How India Fosters Prosperity Through Business Environment Performance

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The business environment is one of the key indicators of prosperity. This has been proven time and again by the Legatum 2018 Prosperity Index. It has also been seen to be the case for how India progressed into what it is today.

According to the index, this specific pillar has seen the biggest worldwide gain in one year. Every region in the world saw improvements in this element which affects prosperity levels, with the most significant gains in 10 years reported in Eastern Europe, Sub-Saharan Africa, and Asia.

Based on the rankings under the prosperity pillar, India is among those that had the biggest progress in terms of the business environment. Compared to scores recorded in 2017, the nation rose by as much as 11 places in delivering an optimal business climate for both entrepreneurs and investors.

According to an official report from the World Bank, two years prior, India started working its way up to enhance the ease of doing business in the country and initiated reforms that foster a more viable regulatory framework for businessmen. Further, the report says that India started a wider adoption of reforms in 2016, paving the way for significant improvements in the country’s business environment.

This prediction became a reality as proven by the country’s scores in the 2018 Legatum Prosperity Index. In the index, it has been noted that the country has experienced considerable progress in two specific sub-pillars of the business environment: business infrastructure and intellectual property rights.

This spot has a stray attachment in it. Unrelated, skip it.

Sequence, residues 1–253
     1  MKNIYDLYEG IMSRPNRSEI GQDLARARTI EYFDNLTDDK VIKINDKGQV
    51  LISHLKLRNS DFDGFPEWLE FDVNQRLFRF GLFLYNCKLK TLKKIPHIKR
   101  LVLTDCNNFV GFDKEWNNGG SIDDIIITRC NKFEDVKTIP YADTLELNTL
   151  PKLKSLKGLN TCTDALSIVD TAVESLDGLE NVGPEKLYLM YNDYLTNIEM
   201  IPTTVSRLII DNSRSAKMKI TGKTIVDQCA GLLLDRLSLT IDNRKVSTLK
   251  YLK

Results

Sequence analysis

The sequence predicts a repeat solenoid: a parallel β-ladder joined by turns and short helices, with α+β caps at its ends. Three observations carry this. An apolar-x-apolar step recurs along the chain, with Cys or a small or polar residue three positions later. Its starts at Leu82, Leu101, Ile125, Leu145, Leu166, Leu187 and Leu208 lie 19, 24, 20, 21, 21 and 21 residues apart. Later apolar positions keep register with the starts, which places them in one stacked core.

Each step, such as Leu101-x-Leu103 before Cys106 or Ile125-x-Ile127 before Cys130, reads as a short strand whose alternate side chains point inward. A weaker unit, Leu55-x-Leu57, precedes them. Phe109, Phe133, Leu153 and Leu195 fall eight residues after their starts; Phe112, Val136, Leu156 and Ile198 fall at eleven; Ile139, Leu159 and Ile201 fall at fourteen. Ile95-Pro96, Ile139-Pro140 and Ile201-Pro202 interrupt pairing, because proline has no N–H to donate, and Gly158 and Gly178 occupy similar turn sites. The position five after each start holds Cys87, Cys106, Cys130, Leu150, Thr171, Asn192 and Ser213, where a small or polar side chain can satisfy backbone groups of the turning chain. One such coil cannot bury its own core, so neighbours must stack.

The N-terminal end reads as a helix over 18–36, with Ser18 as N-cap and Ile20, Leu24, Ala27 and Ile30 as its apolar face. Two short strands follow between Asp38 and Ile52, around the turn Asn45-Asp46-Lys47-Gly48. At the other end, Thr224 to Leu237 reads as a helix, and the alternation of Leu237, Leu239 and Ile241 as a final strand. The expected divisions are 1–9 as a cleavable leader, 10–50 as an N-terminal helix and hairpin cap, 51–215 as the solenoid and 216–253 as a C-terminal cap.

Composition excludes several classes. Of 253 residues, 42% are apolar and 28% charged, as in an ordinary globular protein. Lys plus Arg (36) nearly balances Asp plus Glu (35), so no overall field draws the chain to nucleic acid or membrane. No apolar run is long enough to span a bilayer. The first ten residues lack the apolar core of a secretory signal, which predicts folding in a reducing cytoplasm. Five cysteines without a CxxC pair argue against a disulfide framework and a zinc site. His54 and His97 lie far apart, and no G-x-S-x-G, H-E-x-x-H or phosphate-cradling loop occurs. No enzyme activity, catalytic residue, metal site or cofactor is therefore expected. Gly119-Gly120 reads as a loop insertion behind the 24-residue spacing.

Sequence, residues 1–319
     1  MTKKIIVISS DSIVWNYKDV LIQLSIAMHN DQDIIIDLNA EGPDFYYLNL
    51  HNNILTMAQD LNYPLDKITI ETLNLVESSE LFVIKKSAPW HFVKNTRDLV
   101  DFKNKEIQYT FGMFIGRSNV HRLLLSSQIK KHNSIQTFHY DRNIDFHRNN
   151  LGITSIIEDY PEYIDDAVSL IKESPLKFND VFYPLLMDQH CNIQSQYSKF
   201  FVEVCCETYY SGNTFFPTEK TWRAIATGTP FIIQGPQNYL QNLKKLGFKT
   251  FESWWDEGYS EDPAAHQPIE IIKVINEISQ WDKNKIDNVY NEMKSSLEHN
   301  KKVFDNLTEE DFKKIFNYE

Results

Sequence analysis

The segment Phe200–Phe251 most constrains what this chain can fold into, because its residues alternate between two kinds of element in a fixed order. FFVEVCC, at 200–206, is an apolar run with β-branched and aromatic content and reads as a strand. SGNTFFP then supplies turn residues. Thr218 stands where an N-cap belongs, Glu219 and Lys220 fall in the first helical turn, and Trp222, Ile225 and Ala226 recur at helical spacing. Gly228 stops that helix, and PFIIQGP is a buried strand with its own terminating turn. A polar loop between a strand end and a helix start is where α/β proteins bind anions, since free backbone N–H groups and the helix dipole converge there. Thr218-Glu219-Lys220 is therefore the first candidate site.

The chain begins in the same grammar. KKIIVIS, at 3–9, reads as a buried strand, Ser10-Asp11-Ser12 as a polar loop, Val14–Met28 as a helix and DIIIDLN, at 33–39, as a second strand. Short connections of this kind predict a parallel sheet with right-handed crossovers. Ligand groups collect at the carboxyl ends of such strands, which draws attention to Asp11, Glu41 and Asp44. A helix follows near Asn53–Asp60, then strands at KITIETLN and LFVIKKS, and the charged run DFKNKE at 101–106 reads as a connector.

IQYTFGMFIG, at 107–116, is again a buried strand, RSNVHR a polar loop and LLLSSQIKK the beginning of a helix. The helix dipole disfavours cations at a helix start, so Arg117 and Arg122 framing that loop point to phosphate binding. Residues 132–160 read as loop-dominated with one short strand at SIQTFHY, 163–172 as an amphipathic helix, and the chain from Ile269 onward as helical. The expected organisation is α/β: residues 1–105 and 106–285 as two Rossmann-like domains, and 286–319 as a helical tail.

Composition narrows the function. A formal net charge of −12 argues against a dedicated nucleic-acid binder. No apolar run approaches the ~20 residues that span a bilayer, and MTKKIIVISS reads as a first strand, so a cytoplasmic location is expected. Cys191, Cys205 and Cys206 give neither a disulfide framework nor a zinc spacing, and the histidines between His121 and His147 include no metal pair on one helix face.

Better Business Infrastructure

The business infrastructure sub-pillar covers aspects of the business climate that make running a company a whole lot easier, particularly in terms of logistics, utilities, transport, and communications.

Some indicators the index used to measure a country or region’s score in this sub-pillar includes:

  • Its performance in logistics
  • The rates set for broadband subscriptions
  • The cost of obtaining an electricity connection based on the GDP percentage per capita

Ranking 94th around the world based on overall scores released by London-based think-tank Legatum, India tails South Africa as the second most improved nation in business infrastructure. This comes as no surprise because the country has already begun a forward march towards making starting a business easy years prior, as noted by the World Bank report in 2016.

In their report, the World Bank emphasized that getting electricity in India has become much easier in the years leading up to 2016. The country also came up with a way to streamline the application process for commercial electricity connections, making it a lot more affordable than before.

Paying taxes is also closer to becoming hassle-free after India introduced an electronic system that allows employers to pay for their employees’ contributions to state insurance.